The three companies responsible for distributing gas around England and Wales (National Grid, Wales West Utilities and Northern Gas Networks) are currently part-way through a 30-year programme to replace old gas mains that are within 30 metres of a property. This large project helps to secure good employment prospects within the industry.
Where could I work?
Employers are firms involved in gas transportation, service and distribution.
The distribution network owners are National Grid, Northern Gas Networks, Scotia Gas Networks, Wales and West Utilities, and Southern Gas Networks. Many of these companies use contractors such as Scottish and Southern Energy, Amec and Morgan Est.
Opportunities for gas network engineers occur with employers in towns and cities throughout the UK.
Where are vacancies advertised?
Vacancies are advertised in local/national newspapers, trade industry publications, at Jobcentre Plus and on the Universal Jobmatch website.
Vacancies can also be found through specialist engineering recruitment agencies, internet job boards and the websites of professional engineering bodies and gas/energy organisations.
Entry Routes and Training
The best way to start a career in the gas networks industry is to apply to an employer in the industry and gain employment with them.
An Intermediate or Advanced Level Apprenticeship is also be a great place to start.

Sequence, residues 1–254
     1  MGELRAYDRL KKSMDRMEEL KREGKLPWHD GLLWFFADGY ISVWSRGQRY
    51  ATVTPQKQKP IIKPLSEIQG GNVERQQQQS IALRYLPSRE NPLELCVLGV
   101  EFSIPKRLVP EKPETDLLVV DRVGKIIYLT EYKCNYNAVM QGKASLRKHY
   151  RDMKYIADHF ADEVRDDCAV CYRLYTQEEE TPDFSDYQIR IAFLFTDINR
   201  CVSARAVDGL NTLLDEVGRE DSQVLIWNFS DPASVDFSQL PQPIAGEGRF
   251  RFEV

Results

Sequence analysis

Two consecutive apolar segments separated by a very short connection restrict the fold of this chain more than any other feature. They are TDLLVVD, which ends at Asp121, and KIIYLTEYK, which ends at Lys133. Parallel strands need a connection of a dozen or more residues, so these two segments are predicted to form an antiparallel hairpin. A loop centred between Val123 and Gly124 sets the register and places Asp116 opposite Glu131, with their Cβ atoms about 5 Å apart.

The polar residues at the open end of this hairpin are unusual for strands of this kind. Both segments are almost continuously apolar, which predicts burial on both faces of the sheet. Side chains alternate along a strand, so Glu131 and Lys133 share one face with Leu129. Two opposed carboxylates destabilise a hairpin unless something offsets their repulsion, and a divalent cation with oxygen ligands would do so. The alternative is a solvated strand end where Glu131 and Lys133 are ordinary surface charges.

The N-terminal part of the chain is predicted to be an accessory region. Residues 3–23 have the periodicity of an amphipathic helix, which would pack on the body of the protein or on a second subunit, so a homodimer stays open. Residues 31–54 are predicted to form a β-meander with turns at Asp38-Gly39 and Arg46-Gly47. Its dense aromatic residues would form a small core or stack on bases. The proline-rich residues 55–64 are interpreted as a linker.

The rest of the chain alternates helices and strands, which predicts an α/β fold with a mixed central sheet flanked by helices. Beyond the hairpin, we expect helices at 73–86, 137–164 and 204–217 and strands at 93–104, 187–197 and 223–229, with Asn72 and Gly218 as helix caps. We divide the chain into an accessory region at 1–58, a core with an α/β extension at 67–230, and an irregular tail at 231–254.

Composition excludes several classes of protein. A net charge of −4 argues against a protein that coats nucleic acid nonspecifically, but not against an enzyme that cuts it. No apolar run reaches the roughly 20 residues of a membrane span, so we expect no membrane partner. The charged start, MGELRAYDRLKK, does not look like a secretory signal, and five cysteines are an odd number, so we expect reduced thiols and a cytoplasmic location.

The Energy Networks Association (ENA) provides details of gas distribution companies, which you can then contact to see if they provide apprenticeship schemes.
An apprenticeship in the gas industry involves on-the-job work experience and placement, structured gas-related training and off-the-job college qualifications such as Technical Certificates and NVQs.
Health and safety is an important part of this job and the training process. Before working on a gas site, gas network engineers must hold a valid Utility SHEA (Gas) Passport (which is usually delivered as a one-day course).
Gas network engineers can progress to team leader/supervisor positions after further training and experience.
To get onto an Intermediate or Advanced Level Apprenticeship, you’ll usually need five GCSEs at grade C or above, possibly including English and Maths.
It is illegal for any organisation to set age limits for entry to employment, education or training, unless they can show there is a real need to have these limits.
Applicants with relevant skills gained, for example, in engineering construction work, have an advantage.
Employers are likely to look for a good level of knowledge and understanding, and some insist on evidence provided by related work-based qualifications.
People within the industry or related employment areas can work towards a number of qualifications related to gas distribution operations.
- 4% of people in occupations such as gas network engineer work part-time.
- 16% have flexible hours.
Contact your distribution network owner or the recruitment department of a utilities contractor.
Apprenticeships: Get In. Go Far